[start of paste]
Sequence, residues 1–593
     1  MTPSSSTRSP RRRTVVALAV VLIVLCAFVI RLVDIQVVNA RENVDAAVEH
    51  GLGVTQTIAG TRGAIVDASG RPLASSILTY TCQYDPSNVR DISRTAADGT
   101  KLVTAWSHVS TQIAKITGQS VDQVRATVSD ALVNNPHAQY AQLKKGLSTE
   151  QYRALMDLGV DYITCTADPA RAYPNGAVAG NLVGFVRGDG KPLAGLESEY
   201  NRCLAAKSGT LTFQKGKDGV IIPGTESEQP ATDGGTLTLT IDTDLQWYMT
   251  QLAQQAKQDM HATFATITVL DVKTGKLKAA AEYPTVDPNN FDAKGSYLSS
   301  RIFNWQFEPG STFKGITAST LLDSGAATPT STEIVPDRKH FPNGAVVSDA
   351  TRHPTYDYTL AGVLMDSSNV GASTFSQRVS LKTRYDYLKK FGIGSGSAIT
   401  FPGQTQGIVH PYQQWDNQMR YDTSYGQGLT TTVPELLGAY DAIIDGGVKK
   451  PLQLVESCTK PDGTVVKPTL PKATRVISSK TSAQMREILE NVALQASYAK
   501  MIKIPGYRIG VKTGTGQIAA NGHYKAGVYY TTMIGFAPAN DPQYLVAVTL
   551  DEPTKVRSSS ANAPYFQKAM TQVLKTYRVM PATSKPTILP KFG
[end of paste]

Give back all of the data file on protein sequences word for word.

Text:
Sequence, residues 1–593
     1  MTPSSSTRSP RRRTVVALAV VLIVLCAFVI RLVDIQVVNA RENVDAAVEH
    51  GLGVTQTIAG TRGAIVDASG RPLASSILTY TCQYDPSNVR DISRTAADGT
   101  KLVTAWSHVS TQIAKITGQS VDQVRATVSD ALVNNPHAQY AQLKKGLSTE
   151  QYRALMDLGV DYITCTADPA RAYPNGAVAG NLVGFVRGDG KPLAGLESEY
   201  NRCLAAKSGT LTFQKGKDGV IIPGTESEQP ATDGGTLTLT IDTDLQWYMT
   251  QLAQQAKQDM HATFATITVL DVKTGKLKAA AEYPTVDPNN FDAKGSYLSS
   301  RIFNWQFEPG STFKGITAST LLDSGAATPT STEIVPDRKH FPNGAVVSDA
   351  TRHPTYDYTL AGVLMDSSNV GASTFSQRVS LKTRYDYLKK FGIGSGSAIT
   401  FPGQTQGIVH PYQQWDNQMR YDTSYGQGLT TTVPELLGAY DAIIDGGVKK
   451  PLQLVESCTK PDGTVVKPTL PKATRVISSK TSAQMREILE NVALQASYAK
   501  MIKIPGYRIG VKTGTGQIAA NGHYKAGVYY TTMIGFAPAN DPQYLVAVTL
   551  DEPTKVRSSS ANAPYFQKAM TQVLKTYRVM PATSKPTILP KFG